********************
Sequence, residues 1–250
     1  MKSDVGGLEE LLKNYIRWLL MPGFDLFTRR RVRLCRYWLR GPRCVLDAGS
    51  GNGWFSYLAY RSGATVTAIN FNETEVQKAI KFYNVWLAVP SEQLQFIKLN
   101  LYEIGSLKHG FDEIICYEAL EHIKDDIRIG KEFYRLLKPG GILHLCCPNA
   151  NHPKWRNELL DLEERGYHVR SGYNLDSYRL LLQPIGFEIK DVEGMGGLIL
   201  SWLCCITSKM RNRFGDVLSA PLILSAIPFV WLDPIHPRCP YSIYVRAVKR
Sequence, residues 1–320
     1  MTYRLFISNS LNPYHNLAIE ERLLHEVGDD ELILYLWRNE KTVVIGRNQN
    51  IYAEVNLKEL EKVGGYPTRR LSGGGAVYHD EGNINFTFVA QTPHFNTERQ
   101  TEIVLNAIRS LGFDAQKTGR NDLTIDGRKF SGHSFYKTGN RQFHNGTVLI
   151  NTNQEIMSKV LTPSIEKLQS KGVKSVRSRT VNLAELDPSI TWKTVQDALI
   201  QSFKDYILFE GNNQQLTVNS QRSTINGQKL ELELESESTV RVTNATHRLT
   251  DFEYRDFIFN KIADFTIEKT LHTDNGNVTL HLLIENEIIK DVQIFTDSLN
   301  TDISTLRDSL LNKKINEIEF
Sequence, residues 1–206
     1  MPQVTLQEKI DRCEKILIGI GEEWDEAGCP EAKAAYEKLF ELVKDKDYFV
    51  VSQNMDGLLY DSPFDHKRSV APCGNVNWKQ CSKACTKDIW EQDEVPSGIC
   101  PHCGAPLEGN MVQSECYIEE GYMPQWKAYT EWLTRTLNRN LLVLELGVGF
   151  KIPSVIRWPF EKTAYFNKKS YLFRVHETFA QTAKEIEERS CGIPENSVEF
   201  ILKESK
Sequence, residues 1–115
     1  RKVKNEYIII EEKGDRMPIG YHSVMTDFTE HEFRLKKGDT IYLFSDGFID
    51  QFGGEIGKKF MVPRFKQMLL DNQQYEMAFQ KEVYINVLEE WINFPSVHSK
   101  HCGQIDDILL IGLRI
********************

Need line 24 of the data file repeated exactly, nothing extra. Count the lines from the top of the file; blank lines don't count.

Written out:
   101  HCGQIDDILL IGLRI